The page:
As professionals, we understand and appreciate the need for continual professional development (CPD). Associations, training organizations, etc. exist to help facilitate this need. However, one of the most important aspects of a well-balanced approach to CPD is having access to a diversity of thought. We all know a professional or two who believe in the one method or tool or whatever that will “rule them all” (my apologies to Tolkien). The reality is that there is no one approach or solution to the broad range of challenges facing any single organization. There is no Silver Bullet that is going to solve 80% of problems your organization is dealing with, regardless of the hype presented during a training course or conference presentation. Professionals need to have a breadth of approaches, techniques, and understanding to help define a problem, analyze it as well as develop and test possible solution alternatives, etc., etc. Diversity of challenges requires access to a variety of knowledge and thought. The Forgetting Curve shows how information lost over time when there is no attempt to retain it. These challenges alone are a solid rationale for establishing and maintaining a professional reference library.
A professional reference library is more than a list of documents. Similarly, having access to the internet is excellent but insufficient. With the rise of the “Google Smart” individuals only being as informed as their internet connection is active, we see the need for professionals to maintain ready access to knowledge and resources. A professional reference library is a resource where an individual can deposit and reliably retrieve information. Technology today helps to support a greater diversity of materials in a more readily retrieved format. Mostly gone are the shelves and shelves of books in the office. Increasingly these resources can be retrieved from your portable device of choice. This resource is a place where you can: 1. Store previously reviewed and studied material for faster recall and use. 2. Parking of materials that you have not yet completely digested. If this sounds like it requires a bit of thought and time investment, you would be correct.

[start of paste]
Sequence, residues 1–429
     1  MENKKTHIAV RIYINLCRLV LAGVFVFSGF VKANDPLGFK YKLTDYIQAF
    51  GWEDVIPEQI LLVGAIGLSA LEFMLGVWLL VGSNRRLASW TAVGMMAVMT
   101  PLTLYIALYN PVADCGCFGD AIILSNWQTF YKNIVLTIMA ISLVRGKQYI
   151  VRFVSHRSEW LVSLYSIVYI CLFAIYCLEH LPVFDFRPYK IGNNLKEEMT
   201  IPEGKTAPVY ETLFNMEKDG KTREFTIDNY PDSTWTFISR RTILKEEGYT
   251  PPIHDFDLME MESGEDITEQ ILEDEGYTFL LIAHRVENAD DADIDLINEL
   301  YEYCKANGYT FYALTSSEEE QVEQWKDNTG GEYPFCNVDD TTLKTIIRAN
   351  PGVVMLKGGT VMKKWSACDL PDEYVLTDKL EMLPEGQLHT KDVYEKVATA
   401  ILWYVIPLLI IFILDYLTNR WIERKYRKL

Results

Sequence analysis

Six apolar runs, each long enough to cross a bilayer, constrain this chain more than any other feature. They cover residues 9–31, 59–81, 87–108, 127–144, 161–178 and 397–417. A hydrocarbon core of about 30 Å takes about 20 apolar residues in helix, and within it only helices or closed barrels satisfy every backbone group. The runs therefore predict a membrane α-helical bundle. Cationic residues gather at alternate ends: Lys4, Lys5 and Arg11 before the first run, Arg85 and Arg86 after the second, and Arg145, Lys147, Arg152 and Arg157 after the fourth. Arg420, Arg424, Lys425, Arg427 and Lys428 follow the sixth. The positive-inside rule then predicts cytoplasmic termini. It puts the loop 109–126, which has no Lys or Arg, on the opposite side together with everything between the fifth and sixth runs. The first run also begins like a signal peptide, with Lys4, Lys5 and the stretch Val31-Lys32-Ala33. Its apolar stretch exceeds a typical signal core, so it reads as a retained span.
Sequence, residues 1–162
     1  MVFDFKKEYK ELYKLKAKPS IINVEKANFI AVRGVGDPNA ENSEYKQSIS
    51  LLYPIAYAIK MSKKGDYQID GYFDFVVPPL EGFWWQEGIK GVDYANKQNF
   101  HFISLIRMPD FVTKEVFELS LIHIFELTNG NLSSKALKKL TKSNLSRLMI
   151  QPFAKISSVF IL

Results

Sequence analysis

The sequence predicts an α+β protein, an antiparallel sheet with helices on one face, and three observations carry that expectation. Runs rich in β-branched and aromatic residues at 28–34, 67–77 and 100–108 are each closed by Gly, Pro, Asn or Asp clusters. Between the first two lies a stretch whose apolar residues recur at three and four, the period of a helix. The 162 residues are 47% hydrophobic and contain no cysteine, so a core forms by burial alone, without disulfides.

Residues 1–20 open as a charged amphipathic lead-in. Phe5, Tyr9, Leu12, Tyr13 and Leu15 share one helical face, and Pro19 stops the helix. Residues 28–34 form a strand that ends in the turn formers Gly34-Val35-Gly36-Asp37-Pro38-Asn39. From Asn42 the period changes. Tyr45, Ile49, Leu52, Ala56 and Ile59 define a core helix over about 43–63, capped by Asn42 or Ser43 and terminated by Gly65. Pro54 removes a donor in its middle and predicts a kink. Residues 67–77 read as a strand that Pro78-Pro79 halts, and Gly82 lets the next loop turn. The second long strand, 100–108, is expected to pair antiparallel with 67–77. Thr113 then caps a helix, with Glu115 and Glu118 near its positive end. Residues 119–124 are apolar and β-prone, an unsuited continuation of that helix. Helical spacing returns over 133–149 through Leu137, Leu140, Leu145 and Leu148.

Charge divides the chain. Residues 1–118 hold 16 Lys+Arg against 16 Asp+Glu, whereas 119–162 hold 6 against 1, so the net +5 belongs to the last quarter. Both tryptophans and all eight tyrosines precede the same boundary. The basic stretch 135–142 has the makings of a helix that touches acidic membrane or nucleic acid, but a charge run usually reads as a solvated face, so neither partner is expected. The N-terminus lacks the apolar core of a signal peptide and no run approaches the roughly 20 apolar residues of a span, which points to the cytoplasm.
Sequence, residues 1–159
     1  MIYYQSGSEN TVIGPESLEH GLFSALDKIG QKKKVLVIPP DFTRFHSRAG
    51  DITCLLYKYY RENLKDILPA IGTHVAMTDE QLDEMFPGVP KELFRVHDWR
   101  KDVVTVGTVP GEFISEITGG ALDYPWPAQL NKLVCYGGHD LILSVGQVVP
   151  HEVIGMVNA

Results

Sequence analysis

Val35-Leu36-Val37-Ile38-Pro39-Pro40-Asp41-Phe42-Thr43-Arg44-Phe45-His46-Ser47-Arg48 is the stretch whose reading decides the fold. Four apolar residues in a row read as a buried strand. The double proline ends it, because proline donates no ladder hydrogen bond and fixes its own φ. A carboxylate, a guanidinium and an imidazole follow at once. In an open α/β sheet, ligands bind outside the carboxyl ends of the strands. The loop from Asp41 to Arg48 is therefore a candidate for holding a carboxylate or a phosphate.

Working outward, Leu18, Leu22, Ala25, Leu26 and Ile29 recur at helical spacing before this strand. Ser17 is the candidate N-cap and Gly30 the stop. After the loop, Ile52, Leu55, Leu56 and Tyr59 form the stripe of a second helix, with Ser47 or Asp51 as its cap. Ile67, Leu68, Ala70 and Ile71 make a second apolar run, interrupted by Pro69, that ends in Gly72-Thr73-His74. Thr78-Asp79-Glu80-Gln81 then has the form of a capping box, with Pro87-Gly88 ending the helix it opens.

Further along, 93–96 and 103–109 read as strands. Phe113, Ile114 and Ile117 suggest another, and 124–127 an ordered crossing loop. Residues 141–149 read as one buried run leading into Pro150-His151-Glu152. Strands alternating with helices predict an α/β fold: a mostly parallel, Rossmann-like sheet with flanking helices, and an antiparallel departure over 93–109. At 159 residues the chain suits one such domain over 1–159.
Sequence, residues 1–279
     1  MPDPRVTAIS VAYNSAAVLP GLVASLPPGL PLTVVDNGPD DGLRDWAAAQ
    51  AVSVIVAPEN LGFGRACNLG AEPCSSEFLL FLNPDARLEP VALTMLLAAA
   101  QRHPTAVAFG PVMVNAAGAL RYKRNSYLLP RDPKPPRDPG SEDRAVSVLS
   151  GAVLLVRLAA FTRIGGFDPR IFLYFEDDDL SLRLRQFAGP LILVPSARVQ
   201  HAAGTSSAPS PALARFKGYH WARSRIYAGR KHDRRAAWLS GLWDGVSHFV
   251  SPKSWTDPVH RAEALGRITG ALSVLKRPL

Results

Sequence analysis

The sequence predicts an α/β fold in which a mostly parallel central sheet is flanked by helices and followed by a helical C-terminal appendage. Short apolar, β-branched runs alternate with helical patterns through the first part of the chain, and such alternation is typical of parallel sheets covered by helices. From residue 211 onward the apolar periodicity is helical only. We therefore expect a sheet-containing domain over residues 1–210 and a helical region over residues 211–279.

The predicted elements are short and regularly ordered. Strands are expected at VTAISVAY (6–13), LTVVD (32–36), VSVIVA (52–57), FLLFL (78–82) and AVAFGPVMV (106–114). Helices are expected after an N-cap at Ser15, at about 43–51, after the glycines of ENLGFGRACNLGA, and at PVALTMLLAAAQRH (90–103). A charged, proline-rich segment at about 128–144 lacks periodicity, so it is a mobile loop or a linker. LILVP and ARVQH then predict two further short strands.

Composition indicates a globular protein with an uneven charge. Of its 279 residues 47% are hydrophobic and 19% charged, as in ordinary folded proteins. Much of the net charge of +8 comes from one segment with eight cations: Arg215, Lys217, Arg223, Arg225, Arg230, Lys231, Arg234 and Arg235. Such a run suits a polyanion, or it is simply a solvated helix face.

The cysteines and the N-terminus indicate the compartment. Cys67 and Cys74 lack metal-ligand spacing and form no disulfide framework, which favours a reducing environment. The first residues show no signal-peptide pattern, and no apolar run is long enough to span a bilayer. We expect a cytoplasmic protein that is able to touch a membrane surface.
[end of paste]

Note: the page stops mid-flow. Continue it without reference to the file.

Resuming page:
A reference library is no different a resource than the software tools, education, conferences, and professional associations you have invested. CPD resources organized into broad categorization, such as EA Patterns and Reference Models, Methodologies and Frameworks, Standards and Specifications, etc. helps to reduce time to research. Using meta-tags can also help to provide even faster indexing. The CPD is not just about documents but can also be a way to access great sites for up to date discussions, videos, and more. Services such a Google Stream, Dropbox, and others help to address cross-device access.
Setting aside the time to read and synthesize these resources is the most crucial aspect of a reference library. Synthesis of thoughts and writing of others that run counter to your own is perhaps the most significant opportunity for growth. Don’t just collect documents, but build a CPD of professional knowledge that goes beyond a couple of days seminar or that digital stack of slides. Visit the FEAC Institute EA Zone if you are looking for a quick start to building your professional reference library.